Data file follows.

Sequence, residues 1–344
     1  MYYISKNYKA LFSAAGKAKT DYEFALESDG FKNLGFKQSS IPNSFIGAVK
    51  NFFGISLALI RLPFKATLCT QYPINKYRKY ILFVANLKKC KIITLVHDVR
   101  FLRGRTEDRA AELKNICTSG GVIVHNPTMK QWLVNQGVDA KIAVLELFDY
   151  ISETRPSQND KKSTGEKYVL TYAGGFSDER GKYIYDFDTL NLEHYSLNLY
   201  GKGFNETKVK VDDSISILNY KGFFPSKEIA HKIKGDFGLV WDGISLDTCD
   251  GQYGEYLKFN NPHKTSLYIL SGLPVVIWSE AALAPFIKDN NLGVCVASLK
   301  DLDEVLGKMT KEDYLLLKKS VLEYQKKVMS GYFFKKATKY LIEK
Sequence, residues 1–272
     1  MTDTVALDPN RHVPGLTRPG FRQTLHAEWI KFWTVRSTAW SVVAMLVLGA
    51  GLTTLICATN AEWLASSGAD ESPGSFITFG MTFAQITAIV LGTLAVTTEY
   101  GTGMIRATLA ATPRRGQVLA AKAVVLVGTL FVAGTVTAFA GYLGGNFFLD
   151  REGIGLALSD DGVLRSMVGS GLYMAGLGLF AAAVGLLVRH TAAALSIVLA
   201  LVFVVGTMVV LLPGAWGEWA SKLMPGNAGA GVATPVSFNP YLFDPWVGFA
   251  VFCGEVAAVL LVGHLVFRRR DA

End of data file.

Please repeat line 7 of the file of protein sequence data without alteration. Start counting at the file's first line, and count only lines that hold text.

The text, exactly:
   251  GQYGEYLKFN NPHKTSLYIL SGLPVVIWSE AALAPFIKDN NLGVCVASLK